Election Day in the United States often brings about some sweeping changes. This year, one of the key issues on the ballot was cannabis legalization and it’s fair to say the results were resounding. Every single cannabis-related ballot measure passed this past election day, with states like Arizona, Montana, New Jersey and South Dakota legalizing adult-use.
On top of those ballot measures, however, the incoming Biden-Harris administration has the potential to have a larger impact on the legal cannabis industry in the U.S. than any other modern administration.
We’re going to break down the promises and cannabis-related policy positions the Biden-Harris administration has announced, what those moves would mean for the legal and medical cannabis industry in the U.S., and, most importantly, how those changes would impact medical cannabis patients around the country.
What Cannabis Policies Has the Biden-Harris Administration Committed To?
While it’s worth noting that Joe Biden was the only Democratic Presidential candidate who refused to even consider the idea of full, federal cannabis legalization, he has committed to one key aspect of cannabis reform. To quote the man himself, “Nobody should be in jail simply for smoking or possessing cannabis.” That means, at the very least, decriminalization is on the docket.
While decriminalization of cannabis might seem like a small step for many, it’s actually a very important step when looking at the big picture. As the legal cannabis industry in 11 states and U.S. territories generates tens of millions of dollars a month, even in the midst of a pandemic-induced economic recession, over 660,000 people were arrested for cannabis in 2018 alone. Thankfully due to decriminalization efforts since then, 2019 saw the first dip in cannabis-related arrests in four years.
While 26 states have either decriminalized or removed the threat of jail time for possession of small amounts of cannabis, that’s nowhere near enough for a nation that incarcerates more than 2 million people annually, many of which are for drug-related, non-violent infractions. Ironically, many of those infractions led to long jail time due to Biden’s own 1994 Crime Bill, the heart of the on-going but slowly dying “War on Drugs.”
With recent polling showing that seven in ten Americans support expunging cannabis convictions, it’s likely that many will see their records wiped clean and freed from prison thanks to the Biden-Harris administration’s change of heart.
While the promise to decriminalize cannabis and expunge prior low-level convictions didn’t show up on a recent criminal justice reform plan on the incoming administration’s transition website, Biden staffers assured reporters that “nothing has changed” in regards to their plans to decriminalize.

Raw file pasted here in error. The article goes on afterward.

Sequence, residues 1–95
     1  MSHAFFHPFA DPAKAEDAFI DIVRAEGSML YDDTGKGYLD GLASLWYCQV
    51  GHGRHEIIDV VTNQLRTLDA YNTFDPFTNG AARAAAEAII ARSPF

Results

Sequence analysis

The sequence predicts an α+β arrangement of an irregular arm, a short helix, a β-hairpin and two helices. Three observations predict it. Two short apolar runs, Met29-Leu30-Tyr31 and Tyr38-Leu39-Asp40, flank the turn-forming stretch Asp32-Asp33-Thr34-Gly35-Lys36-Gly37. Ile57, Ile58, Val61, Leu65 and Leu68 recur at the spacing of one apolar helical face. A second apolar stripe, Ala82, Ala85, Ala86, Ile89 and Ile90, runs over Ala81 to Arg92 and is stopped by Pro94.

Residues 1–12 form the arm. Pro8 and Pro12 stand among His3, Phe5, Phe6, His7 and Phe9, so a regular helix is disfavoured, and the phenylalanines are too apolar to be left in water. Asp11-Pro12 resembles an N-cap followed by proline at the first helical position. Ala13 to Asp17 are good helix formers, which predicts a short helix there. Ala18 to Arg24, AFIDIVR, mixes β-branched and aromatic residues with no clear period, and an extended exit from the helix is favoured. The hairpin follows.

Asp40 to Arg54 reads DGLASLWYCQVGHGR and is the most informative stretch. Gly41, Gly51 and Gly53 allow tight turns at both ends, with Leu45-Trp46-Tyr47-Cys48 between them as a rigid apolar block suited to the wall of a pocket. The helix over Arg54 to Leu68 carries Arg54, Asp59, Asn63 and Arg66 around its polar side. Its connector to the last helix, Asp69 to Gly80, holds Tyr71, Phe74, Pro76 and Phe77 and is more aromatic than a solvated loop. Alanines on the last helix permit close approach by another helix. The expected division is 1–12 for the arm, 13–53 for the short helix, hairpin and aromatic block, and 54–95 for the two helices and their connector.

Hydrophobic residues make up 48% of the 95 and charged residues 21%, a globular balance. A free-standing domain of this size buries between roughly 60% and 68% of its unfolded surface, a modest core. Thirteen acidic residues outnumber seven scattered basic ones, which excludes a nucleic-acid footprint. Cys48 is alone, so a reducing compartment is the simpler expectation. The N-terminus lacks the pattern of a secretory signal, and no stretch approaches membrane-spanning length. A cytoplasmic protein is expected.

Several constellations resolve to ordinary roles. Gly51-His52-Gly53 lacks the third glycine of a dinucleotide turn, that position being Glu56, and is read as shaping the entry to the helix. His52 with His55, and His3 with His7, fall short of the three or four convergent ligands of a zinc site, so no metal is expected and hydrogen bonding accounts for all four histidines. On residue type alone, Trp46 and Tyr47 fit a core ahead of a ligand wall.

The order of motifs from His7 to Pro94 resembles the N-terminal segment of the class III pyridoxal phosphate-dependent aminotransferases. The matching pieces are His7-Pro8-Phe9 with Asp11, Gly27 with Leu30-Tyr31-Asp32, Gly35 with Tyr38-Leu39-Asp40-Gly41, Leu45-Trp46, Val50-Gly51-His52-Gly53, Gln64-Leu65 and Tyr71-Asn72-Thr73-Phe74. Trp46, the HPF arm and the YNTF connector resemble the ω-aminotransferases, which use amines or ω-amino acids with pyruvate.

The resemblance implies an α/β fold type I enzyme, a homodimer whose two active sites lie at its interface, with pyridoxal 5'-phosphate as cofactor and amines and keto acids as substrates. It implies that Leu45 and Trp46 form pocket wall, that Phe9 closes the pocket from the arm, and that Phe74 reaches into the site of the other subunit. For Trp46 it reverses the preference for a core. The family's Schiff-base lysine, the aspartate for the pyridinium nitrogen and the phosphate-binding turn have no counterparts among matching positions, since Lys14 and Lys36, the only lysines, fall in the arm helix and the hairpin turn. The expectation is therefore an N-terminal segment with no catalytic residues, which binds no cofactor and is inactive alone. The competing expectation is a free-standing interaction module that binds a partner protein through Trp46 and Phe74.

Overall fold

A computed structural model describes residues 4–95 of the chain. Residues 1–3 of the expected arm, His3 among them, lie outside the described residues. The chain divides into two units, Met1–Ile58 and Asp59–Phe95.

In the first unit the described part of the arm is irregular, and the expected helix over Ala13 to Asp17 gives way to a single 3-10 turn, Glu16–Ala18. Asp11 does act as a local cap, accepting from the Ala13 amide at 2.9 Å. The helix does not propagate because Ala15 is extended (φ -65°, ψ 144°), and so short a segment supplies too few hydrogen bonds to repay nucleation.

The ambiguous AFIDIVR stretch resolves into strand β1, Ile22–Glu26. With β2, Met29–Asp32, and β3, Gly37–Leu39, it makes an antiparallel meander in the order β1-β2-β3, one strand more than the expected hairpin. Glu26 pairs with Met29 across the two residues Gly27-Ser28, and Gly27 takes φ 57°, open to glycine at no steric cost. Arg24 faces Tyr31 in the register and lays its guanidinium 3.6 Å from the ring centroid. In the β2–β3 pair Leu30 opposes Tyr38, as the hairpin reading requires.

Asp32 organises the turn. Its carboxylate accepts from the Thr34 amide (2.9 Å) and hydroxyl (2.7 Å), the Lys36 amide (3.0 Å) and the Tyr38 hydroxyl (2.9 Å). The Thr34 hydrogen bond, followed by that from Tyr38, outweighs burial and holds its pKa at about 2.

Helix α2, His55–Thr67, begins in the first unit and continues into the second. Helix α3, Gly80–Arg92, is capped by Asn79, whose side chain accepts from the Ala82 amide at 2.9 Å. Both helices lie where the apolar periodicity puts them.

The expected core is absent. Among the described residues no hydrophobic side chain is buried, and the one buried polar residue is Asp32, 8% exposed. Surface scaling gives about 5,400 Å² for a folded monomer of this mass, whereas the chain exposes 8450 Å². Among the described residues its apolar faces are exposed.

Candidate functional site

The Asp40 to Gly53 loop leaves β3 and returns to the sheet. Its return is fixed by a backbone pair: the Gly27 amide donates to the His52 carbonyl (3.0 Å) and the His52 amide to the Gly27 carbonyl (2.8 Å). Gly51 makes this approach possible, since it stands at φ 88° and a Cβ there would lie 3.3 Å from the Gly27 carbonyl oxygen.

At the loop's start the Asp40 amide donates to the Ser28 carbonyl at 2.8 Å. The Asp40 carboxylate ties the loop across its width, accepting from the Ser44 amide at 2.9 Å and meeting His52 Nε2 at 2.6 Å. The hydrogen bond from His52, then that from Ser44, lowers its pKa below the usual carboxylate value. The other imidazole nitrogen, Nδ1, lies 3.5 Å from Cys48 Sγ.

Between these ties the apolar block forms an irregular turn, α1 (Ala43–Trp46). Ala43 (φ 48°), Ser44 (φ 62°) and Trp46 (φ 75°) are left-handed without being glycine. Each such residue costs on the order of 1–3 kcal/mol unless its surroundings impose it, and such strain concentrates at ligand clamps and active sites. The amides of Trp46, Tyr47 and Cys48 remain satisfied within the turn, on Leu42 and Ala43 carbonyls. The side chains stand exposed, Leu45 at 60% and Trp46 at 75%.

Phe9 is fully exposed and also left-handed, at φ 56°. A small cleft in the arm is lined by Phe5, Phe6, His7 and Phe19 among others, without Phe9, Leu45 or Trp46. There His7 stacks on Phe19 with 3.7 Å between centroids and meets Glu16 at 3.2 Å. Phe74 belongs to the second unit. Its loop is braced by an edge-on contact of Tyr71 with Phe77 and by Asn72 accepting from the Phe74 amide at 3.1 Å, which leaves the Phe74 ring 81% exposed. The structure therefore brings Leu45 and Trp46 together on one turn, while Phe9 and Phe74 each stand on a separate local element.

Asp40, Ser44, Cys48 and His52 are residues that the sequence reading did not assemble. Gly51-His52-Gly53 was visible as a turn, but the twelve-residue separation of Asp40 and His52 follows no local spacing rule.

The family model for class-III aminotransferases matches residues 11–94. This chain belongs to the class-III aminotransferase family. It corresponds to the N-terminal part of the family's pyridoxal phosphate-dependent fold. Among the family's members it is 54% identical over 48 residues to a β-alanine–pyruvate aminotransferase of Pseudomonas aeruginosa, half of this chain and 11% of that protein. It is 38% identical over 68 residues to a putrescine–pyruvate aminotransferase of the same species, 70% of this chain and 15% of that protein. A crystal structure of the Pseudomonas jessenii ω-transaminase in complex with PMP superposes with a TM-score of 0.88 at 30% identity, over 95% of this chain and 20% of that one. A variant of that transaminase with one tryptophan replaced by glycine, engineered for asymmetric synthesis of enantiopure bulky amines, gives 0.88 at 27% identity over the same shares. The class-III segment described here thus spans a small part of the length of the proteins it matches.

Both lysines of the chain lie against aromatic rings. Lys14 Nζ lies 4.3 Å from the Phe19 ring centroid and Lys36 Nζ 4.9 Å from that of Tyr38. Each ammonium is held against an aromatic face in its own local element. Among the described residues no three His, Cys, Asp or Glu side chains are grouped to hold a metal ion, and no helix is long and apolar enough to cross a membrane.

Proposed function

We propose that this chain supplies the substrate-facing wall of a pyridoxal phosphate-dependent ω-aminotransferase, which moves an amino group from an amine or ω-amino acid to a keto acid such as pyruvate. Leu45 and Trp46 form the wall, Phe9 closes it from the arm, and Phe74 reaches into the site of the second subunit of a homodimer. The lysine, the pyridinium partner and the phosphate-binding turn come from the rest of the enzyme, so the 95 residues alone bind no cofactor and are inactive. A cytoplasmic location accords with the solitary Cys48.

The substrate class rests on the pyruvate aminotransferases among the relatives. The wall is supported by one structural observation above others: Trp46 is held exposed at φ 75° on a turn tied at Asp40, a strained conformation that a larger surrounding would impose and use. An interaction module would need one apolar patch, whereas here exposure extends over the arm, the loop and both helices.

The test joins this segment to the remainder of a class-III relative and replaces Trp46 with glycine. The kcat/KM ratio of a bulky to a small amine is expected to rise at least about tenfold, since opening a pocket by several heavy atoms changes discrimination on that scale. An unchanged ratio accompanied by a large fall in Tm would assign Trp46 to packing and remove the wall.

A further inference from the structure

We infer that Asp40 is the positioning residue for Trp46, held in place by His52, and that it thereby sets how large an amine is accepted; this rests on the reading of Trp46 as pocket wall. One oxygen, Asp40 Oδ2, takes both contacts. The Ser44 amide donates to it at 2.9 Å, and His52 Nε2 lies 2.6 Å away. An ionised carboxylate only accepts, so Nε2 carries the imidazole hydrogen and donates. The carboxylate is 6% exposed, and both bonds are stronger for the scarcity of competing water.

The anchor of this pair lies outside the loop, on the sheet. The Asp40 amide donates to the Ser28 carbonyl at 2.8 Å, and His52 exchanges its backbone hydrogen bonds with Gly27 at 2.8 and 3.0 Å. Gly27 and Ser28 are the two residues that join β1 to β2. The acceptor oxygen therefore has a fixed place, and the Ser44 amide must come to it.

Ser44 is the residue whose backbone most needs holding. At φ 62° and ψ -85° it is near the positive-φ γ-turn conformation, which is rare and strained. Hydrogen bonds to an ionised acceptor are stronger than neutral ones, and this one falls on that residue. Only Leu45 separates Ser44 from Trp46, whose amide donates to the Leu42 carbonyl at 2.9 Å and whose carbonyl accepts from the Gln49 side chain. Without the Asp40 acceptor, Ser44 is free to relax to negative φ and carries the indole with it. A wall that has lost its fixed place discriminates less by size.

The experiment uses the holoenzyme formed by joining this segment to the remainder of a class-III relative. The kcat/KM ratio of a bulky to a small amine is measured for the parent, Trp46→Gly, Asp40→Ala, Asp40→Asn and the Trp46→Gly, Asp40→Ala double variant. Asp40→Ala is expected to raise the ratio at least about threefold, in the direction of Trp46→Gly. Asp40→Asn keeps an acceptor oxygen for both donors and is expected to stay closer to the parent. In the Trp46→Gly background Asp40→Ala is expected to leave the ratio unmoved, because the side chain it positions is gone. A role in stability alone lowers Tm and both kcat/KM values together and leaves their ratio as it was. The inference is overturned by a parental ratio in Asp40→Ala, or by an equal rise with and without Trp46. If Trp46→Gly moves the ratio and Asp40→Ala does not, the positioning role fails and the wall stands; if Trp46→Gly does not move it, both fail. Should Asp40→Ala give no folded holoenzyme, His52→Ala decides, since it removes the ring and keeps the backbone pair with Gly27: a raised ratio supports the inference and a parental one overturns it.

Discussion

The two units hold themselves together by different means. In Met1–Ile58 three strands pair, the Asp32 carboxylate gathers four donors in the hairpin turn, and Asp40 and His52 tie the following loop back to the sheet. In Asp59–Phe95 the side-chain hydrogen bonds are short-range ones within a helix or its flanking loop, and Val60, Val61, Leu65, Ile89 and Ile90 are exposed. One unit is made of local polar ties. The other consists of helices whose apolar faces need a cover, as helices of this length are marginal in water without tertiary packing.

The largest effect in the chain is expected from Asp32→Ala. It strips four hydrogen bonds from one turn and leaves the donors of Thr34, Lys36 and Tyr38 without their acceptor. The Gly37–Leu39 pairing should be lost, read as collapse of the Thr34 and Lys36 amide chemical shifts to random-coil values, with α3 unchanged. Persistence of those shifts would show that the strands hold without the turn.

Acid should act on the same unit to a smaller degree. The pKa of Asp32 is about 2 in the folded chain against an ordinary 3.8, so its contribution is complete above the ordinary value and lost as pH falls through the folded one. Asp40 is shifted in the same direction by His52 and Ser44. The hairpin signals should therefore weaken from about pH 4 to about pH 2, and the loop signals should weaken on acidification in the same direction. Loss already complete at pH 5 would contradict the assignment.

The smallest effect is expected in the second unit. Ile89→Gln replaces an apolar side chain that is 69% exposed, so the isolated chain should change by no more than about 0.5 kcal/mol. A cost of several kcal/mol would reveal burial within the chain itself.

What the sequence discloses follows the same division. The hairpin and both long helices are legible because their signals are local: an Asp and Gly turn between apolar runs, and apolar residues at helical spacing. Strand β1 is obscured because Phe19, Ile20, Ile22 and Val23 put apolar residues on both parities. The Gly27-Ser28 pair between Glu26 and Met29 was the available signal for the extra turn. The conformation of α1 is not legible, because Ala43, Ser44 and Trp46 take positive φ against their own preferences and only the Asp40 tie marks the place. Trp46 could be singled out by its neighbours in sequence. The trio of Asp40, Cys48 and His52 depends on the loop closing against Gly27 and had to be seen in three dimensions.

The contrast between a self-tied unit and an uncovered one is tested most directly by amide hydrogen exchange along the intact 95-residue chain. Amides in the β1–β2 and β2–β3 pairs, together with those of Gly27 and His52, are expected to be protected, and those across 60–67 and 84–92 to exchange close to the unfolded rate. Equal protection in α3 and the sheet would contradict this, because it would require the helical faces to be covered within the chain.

Nationwide decriminalization would be a step towards normalizing cannabis as medicine and de-stigmatizing it for the average American.
Kamala Harris, the Vice President-elect, is much more in favor of cannabis than Biden. Harris, a former Senator from California, spoke openly and often about the need for drastic and comprehensive cannabis policy reform, was the lead sponsor of a bill designed to federally deschedule cannabis, and has doubled down on her support of decriminalization in a recent interview with ABC News.
It’s worth noting that if Joe Biden, a former Vice President himself, treats Harris like President Obama treated him, she’ll play a key role in shaping policy decisions in the U.S.
How Does a Biden-Harris Administration Impact Medical Cannabis Patients?
The incoming administration is positive news for the cannabis industry in general, and medical patients are very much included in that mix. Even though the Biden-Harris administration is far from the most progressive of the Democratic options in 2020, they’re much more open-minded than the Trump administration when it comes to cannabis.
Lawmakers all across the country are already making the push for legalizing medical cannabis in their state for 2021. Here’s what’s happened in last few weeks:
- The Governor of Virginia has called for expanding the state’s medical cannabis program along with recreational legalization
- Texas lawmakers are eyeing legalization as a way of boosting the economy and creating jobs
- Pennsylvania’s Governor, Lieutenant Governor and Attorney General all doubled down on their previous support for legalization.
On top of that legislation that’s already on the table, 2021 could be the year where New York finally breaks down and legalizes cannabis, giving the East Coast a possible cannabis market that could compete with California.
More recreational legalization is great news for medical programs. States that legalize recreational use tend to establish medical programs shortly afterward, if not at the same time like South Dakota just did. Nearly 70 percent of Americans are in support of legalization and, especially in the midst of the COVID-19 pandemic, states are looking for a way to create jobs, generate money to balance out decimated state budgets and help ease the anxiety that comes with looming 2021 lockdowns. Legalizing cannabis for recreational and medical use is a great way to do all of those things and we’ve seen that when cannabis is on the ballot, it’s consistently a winner.